Sociology 1050 WHAT IS SOCIOLOGY? The study and understanding of:  Structure and dynamics of society  How social structures and institutions affect attitudes, actions and opportunities  How individuals construct, maintain and alter social organization  Challenging what is accepted and taken for granted Sociological imagination: allows us to distinguish between a trouble and an issue; the ability to see the macro in the everyday  Grasp history and biography  Understanding of realities of ourselves in connection with larger social realities -ASKING AND ANSWERING QUESTIONS IN SOCIOLOGY Sociologists seek to:  Find explanations to understand social phenomena  Look for explanations in depth and breadth Cause and effect Correlation does not = cause Researchers search for casual mechanisms Quantitative researchers: use control variables Qualitative researchers: make inferences and theoretical statements about empirical contexts History of social research Positivism: knowledge can only be comprised of empirical evidence  Developed by Auguste Comte  Scientific method based on observation and measurements  Humans only constituents in patterns of behaviour Post-positivism: a theory is only scientific when it can be falsified and tested  Developed by Karl Popper  Acknowledges that the social world is a human construction and truth depends on context  Error and bias are inevitable in human sciences and must be accounted for Interpretivism: reality is relative and multiple  Rooted in Max Weber’s verstehen  Social actors’ subjective constructions of reality of prime concern  People have ‘agency’ and create their own worlds and actions Postmodernism/Post-structuralism: open to both falsification and subjectivity with the rejection of rationalism  Abandonment of reason  Progress is an illusion  Research designed to elicit an emotional response or insight and to challenge what we take for granted  Reality is chaotic and unknowable  History has no predictive component THEORIES & PERSPECTIVES IN SOCIOLOGY Theory: an explanation or interpretation that explains some empirical phenomenon  Grand theories: theories of everything to explain the world of human conditions  Middle range theories: for more refined cultural context  Everyday theories: of us; social theories The origins of Sociology 1. Feudalism: a system of land ownership, patronage and protection ruled by the church and crown 2. The ‘Age of Enlightenment’: a cultural movement of philosophers began to challenge the feudal system; concerned with finding truth and explanation through evidence and reason  Science challenged theology  American and French revolutions challenged divine rights of monarchies  Printing press allowed ideas to flourish 3. The Industrial Revolution: focus on mechanization, improved cropping and enclosure of common lands  Migration from rural to urban centers  Wealth moved from the landed gentry to industrial Capitalists  New form of oppression and squalor 4. Modernity  Political: individual rights, democracy, the separation of Church and State  Economic: Industrial Capatalism, global markets  Social: The nuclear family, class mobility, specialization and the division of labour, scientific rationalism Classical Sociologists Auguste Comte  Wanted to create a science of social life An evolutionary view of the social world: Theological > Metaphysical > Scientific > Positivistic Positivism: the view that all knowledge can be produced through the scientific analysis of empirical evidence Herbert Spencer Society evolves from the simple to the complex - ‘survival of the fittest’  Ranked societies according to their complexity and sophistication Karl Marx Materialist view – history is not driven by ideals, or philosophies or other ideas, but by the mode of production dominant at the time  Technological and agricultural innovation were current modes of production  Dominant ideas belong to those who own the means of production  Social stratification based on economic class Alienation – man becomes alienated from labour as it becomes a necessity  Proletariat sell their labour power in order to survive Capitalism would eventually give way to communism:  Abolition of property in land  Equal liability of all to work  Centralization of credit in the hands of the state through nationalization  Combination of agriculture with manufacturing industries  Free education for all children Emile Durkheim Believed society should be studied scientifically (a positivistic view)  Saw social facts as the basis for social behaviour i.e. gender, religion, the family  Social facts held a coercive power over the individual Focus on social cohesion – how could societies maintain social stability with the breakdown of old institutions?  Mechanical solidarity: collective purpose and beliefs of traditional societies  Organic solidarity: specialization of work in industrial, urban society ‘Anomie’ and suicide – believed those who commit suicide are likely to be the least integrated in society  Egoistic  Altruistic  Anomic  Fatalistic Max Weber Focus on interpretivism  Knowledge comes from the sense the individual makes of their social world Believed the rationalism of industrial society led to dehumanization and disenchantment Class was the result of ‘differential market opportunities, status, privileges and the hierarchies of authority’  Work and accumulation for the glory of god, not for one’s self  Social conditions were the result of ideas, rather than material conditions The ‘iron cage’ of bureaucracy – authority based on rules, procedures and law  Essentially fragments the soul Materialistic Conception of History Stresses importance of man’s production of his own necessities Theory of Capital Capital fundamentally a social relationship, between administrator of capital and the wage laborer ‘Insatiable lust for surplus value’ – desire to accumulate capital Struggle of the working class to satisfy capital requirements Sociological Imagination - Mills GLOBALISATION Globalisation: a process through which space and time are compressed by technology, information flows, trade and power relations – allowing distant actions to have increasing significance at the local level  Globosceptics: view globalisation as divisive  Globoenthusiasts: consider a more globalised world will be a more prosperous and peaceful one Features 1. Global production  Transnational corporate  International division of labour  Feminization of the labour force 2. Global regulation  Nation states decrease expenditure and promote ‘free markets’  Lower barriers to foreign trade and investment  Decrease the payments for public goods  Promote individual contracts and challenge unions  Stability and regularity in relations 3. Interdependency – not just interconnection 4. Underlying principle of neoliberalism Liberalism: a belief that individual decision-making and action provides the most appropriate basis for the socio-political and economic organization of society Neoliberalism: not only the above, but that given the state has ‘intervened’ in social and economic relations, the best outcomes for society will be realized when the state ‘retreats’ from involvement in economic and social matters 5. Global culture  Standardisation and ‘McDonaldisation’ (the process by which the principles of fast-food restaurant are coming to dominate sectors of Western society) Concerns of McDonalds:  Obesogenic diets  Non-unionised, cheap labour  Environmental degradation  Health risks of fast foods  Based on efficiency, calculability, predictability and control Globalisation and inequality Financialisation: the increasing role of financial motives, financial markets and financial institutions in the operation of domestic and international economies Modernity Modernity Postmodernity Production oriented Consumption oriented Production of material goods Production of images, cultural products Fordist work principles Flexibility in workplace relations Strong trade-unionism/welfare state Reduced unionism/welfare state Belief in science and ‘progress’ Questioning of science and ‘progress’ Nation state a key organizing unit Globalization reshaping nation state Local citizens = national identity Global citizens = fractured identities Bureaucracy is rational, inevitable Bureaucracy breaking down under technology Durkheim Traditional society = mechanical solidarity  Rigid beliefs + conformity Modern society = organic solidarity  Social differentiation  Moral consensus Marx  Capitalism is progressive but class divided  The working classes will mobilize to overthrow the owners of the means of production  A worker-state of ‘socialism’ will emerge Weber The ‘Protestant Ethic’: Belief system > behaviour > capitalism Forms of authority: Traditional (king, church) > charismatic (personalities and ideas i.e. Hitler) > legal-rational (bureaucracy, ‘ideal type’) Bureaucracy (an ideal type of legal-rational authority)  Complex tasks broken into manageable parts  Command and responsibility within hierarchy  Impersonal decision-making RACE AND ETHNICITY Modernity  individualism  Kinship and religion no longer offer a solution to identity  Identity is used as an anchor against competing discourses, temptations and choices Ethnicity = cultural identity derived through ancestry, encompassing:  Language  Traditions and symbols  Attachment to a place  Social norms Ethnicity in Australia 1788: First fleet arrives in Australia  ‘Social Darwinism’ targets indigenous and non-whites 1901-1958: White Australia Policy  Discrimination underwritten by law:  Could not vote  Lower wages  Children removed involuntarily  Indigenous people have lost their cultural and ethnic roots Multiculturalism Assimilation  Multiculturalism (the active accommodation of diversity)  Recognition of different cultural and linguistic needs  Relatively open immigration policy Criticisms:  Creates ‘ethnic ghettos’  Imports tensions from homelands  Emphasises minority rights  Creates a divided society Theories of Ethnicity Primordial: ethnicity is a cultural given Biology = the foundation of social attachment  Ethnic ties are extensions of kinship Instrumentalist/constructivist: ethnicity is a resource for differentiation; open to change and selective appropriation Hybrid ethnicity: individuals offered a choice in identity; a voluntary affiliation or involuntary label? Race Race is a social construction Racism: applies essentialist qualities to a particular racial group  often manifest as an appeal to kinship ties and bloodlines  claims that other races will diminish the dominant racial grouping GENDER & SEXUALITY Gender and sexuality in Australia  Women given the vote in 1901  1970: 32% of boys completed Year 12; 28% of girls 2004: 69% of boys completed Year 12; 80% of girls  Women make up 80% of single parent households  Women do 70% of unpaid household labour  Homosexuality legalized across Australia in 1994 Sex is the biological dimension of human physiology Gender is a social construction with strong norms of behaviour Gender How much of gender is learnt and how much is determined by biology? The biological argument  Hormones  Brain physiology  Reproductive roles The social argument Biology does not account for the complex roles enacted by men and women across different cultures  Children internalize norms through socialisation Genders are culturally produced  Macho behaviours in some cultures and classes  Outsourcing of child care  Subjugation of women as property  Role of the media Judith Butler: questions any natural basis to gender  Gender is a performance imposed by expectations of gender  We constitute our identity through gender performances Socialist explanations Capitalism intensifies men’s control over women to ensure that inheritance is father to son  Requires escalating demand for the consumption of products  Creation of women as a class of consumers aids development of Capitalism Functionalist explanations Genders learn and conform to social roles in order to maintain order and social integration  Reinforced with social rewards and sanctions Ignores the conflicting gender messages in society + individuals can also exercise agency about which roles they adopt Masculinity (RW Connell)  Hierarchy of masculinity rather than universal concept  Hegemonic masculinity refers to one that subordinates other through dominance  Explains the ‘patriarchal dividend’ in which men are rewarded for their hegemonic social roles i.e. better paid employment, less domestic labour Gender and reproduction Greater choice in contemporary society due to:  Availability of conception  Eduction  Greater workplace equity  A woman’s agency about sexual partners, education and relationships Sex and sexuality Is sexuality a product of nature or nurture? The biological argument Female and male anatomy is different with different roles in reproduction  Biological explanation for men’s promiscuity and women’s predominantly caring orientation The social argument Humans are far more shaped by their environment than by biological urges  Civilization has curbed biological urges Humans use sexuality to convey meaning, rather than simply reproduce Sexual identity Various categories i.e. heterosexual, homosexual, bisexual, transsexual, gender queer etc. Largely influenced by cultural norms The history of sexuality Repression of sexuality instigated by Catholic church to stabilize the community  Adultery and homosexuality cast as sins  Focus on family and reproduction – sex in other circumstances characterised as deviant  Respectable women did not enjoy or encourage sex Bourgeoisie continued this discourse – sex beyond marriage was a threat to class and status  Strict regulation of populace as a control measure  Prostitution tolerated as a satisfactory outlet for sexual deviance Prostitution Modernity  Breakup of small communities and increasing normalization of sex in modernity allowed sex for material gain to become anonymous Contemporary society  Prostitution has a commercial and regulated status in many countries  Prostitutes generally socially marginalized, though their clients are not Does sex work imply an inequality of power?  Consider: sex tourism, sex slavery and drug related extortion of sex workers Life on the Boundaries of a Dichotomous Gender System (Lucal) Author uses self as ‘case study’ to examine gender constructs Use of sociological imagination – seeing general social patterns in the behaviours of particular individuals Provide theoretical insights into the processes and social structure of gender Rigidity of gender in society: ‘two and only two’ gender categories recognized Consequences on identity and interactions Polarized view on gender Those who do not gender appropriately are not placed under a third category but into the one which their gender display seems most closely to fit Author’s ‘gender bending’ an attempt to dismantle sexism Gender is a social construction – sex and gender are separate concepts Individual’s gender cues our social interactions with her or him Successful interactions require participants to present, monitor and interpret gender displays We are aware of traits which traditionally signify each gender We ourselves present an established set of behaviors, appearances, mannerisms and cues which we associate with certain genders Patriarchal constructs of gender Individuals assumed to be male until they display feminine qualities Women must mark themselves as ‘other’ Those other than transsexuals view their gender as ‘naturally obvious’ People who do not conform to gender rules are not acting in a socially competent way The Many Faces of Gender Inequality (Sen) Gender disparities:  Mortality inequality  Natality inequality: sex-selective abortion  Basic facility inequality: schooling, participation  Special-opportunity inequality: higher education  Professional inequality: employment, workplace promotion  Ownership inequality: homes and land asymmetrically shared, disparity in inheritance laws  Household inequality: gender relations, unequal sharing of housework and childcare Inequality in South-East Asia: Female mortality rates significantly higher Women receive less attention and health care ‘missing women’ concept – number of women we could expect to see if mortality rates were not so unequal Higher incidences of malnutrition, medical neglect and cardiovascular diseases STRATIFICATION AND SOCIAL CLASS Social stratification: structural inequalities between different people according to race, gender, economic status and occupation which is largely beyond the control of the individual Historical systems of stratification 1. Slavery: Humans as property born into a certain status  Neither economically efficient or humane  Requires constant supervision and coercion  Very little opportunity for mobility 2. Caste system: social position according to birth  Maintained by strict occupational, geographical and marital separation of castes  India: underwritten by religious belief in reincarnation 3. Feudal system: divided into nobility, the clergy and commoners  Allows for some mobility  Existed in many pre-industrial societies i.e. Europe, China 4. Class: stratification based on wealth and occupation  Allows for more mobility  Inequalities relate to structures or systems Historical systems of stratification Karl Marx Newly industrialized societies rooted in capitalist economic relations  Proletariat exploited by bourgeoisie both materially but also spiritually Criticisms:  Industrial societies did not polarize – a middle class emerged  Technology also benefited workers  The state intervened to address the imbalance Max Weber Social class emerges from the ‘market’ but life chances = economic resources + status  Status exists independently of economic class  Less emphasis on class consciousness and greater possibility for class mobility  Economic class is objective; status has a subjective meaning Erik Olin Wright A contemporary fusion of Marx and Weber Class = control over capital + physical means of production + control over labour power  Upper class: employers  Middle class: the employed and self-employed  Working class: unskilled workers (blue and white collar) John Goldthorpe Status based on relative positions of authority and autonomy Affluence could come with lack of autonomy and dull repetitive work Concentrates on employment relations  The relative autonomy and authority of one occupation over another Class in contemporary society Class in Australia  47% in middle class employee occupations  38% in white and blue collar working class jobs  Australians don’t like to identify as ‘upper class’  Working class are most likely to self-identify as such The death of class (Pakulski and Waters) Economic class is no longer a relevant basis of analysis  Class ideologies disappearing  Mobility increasing due to education and skills  Widespread property ownership  Increase in self-employment  Globalisation has led to outsourced unskilled labour More relevant indicators of disadvantage:  Inability to consume status markers  Gender accounts for much inequality, as does race and ethnicity Class lifestyle and capitals (Pierre Bourdieu) Class is an objective position in ‘social space’ determined by capital  Economic capital: the income and wealth at one’s disposal  Cultural capital: material markers of success and lifestyle  Symbolic capital: the benefits accruing from social/cultural standing and prestige – ‘reputation’  Social capital: the benefits accrued from membership in durable social networks RELIGION Religion: a cultural system of commonly held beliefs and rituals that provides a sense of ultimate meaning and purpose by creating an idea of reality that is sacred, all encompassing and supernatural  A form of culture  Beliefs that take the form of ritualized culture  Provides a sense of purpose and meaning  Profound effect on human behaviour Theories of religion Marx Religion is the result of a lack of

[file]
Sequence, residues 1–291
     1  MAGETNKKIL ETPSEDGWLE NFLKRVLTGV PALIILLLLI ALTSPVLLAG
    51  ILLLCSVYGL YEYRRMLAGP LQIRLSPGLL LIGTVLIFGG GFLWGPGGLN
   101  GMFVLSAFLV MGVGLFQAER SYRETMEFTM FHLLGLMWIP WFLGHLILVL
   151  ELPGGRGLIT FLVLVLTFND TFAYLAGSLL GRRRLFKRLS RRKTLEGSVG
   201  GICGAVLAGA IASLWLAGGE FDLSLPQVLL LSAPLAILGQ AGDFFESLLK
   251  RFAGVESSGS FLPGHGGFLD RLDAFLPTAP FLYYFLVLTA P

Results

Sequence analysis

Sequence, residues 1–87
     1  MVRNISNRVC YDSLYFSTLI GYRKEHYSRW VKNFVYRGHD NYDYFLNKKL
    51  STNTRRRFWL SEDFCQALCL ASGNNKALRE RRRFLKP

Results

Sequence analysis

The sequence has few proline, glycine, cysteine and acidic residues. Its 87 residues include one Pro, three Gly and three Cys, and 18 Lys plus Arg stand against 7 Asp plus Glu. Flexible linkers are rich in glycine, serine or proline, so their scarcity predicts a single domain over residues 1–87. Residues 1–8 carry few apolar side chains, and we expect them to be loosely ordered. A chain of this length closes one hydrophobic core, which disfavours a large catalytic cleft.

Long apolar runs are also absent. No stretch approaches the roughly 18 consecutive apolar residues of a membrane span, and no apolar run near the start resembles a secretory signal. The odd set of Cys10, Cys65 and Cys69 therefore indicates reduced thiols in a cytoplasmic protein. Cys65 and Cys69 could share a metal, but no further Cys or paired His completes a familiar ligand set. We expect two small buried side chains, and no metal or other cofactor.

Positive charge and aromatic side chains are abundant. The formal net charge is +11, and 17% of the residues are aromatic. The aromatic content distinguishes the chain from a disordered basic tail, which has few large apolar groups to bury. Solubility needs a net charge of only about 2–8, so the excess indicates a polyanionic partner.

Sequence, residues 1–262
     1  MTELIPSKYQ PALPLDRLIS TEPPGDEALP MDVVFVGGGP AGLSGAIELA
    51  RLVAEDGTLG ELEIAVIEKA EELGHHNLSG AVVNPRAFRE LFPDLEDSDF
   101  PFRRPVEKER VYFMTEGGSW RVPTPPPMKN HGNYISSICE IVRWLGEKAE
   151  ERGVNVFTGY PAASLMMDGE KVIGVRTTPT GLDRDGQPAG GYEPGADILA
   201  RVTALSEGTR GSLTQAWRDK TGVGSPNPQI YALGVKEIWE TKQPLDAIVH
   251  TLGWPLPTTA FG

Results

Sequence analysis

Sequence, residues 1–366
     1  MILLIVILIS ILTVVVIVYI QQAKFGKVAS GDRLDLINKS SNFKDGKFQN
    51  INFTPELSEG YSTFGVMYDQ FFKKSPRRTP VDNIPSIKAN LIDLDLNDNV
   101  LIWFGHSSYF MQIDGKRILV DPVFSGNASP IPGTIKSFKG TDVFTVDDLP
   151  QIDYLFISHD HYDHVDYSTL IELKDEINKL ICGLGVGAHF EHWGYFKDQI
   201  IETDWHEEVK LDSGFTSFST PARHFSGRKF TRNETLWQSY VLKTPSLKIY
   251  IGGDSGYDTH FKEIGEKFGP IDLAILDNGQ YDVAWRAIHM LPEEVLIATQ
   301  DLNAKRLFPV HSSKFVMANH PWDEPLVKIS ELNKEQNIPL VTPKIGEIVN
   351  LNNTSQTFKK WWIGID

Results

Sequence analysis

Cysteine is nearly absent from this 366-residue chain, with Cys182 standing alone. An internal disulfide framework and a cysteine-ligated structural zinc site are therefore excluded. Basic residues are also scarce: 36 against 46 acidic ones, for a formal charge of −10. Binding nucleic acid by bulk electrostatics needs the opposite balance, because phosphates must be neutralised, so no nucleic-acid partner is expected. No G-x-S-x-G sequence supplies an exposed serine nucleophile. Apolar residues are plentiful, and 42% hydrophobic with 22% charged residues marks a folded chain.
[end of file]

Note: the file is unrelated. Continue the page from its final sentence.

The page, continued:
More Less

Related notes for SOCY1050

Log In


Don't have an account?

Join OneClass

Access over 10 million pages of study
documents for 1.3 million courses.

Sign up

Join to view


By registering, I agree to the Terms and Privacy Policies
Already have an account?
Just a few more details

So we can recommend you notes for your school.

Reset Password

Please enter below the email address you registered with and we will send you a link to reset your password.

Add your courses

Get notes from the top students in your class.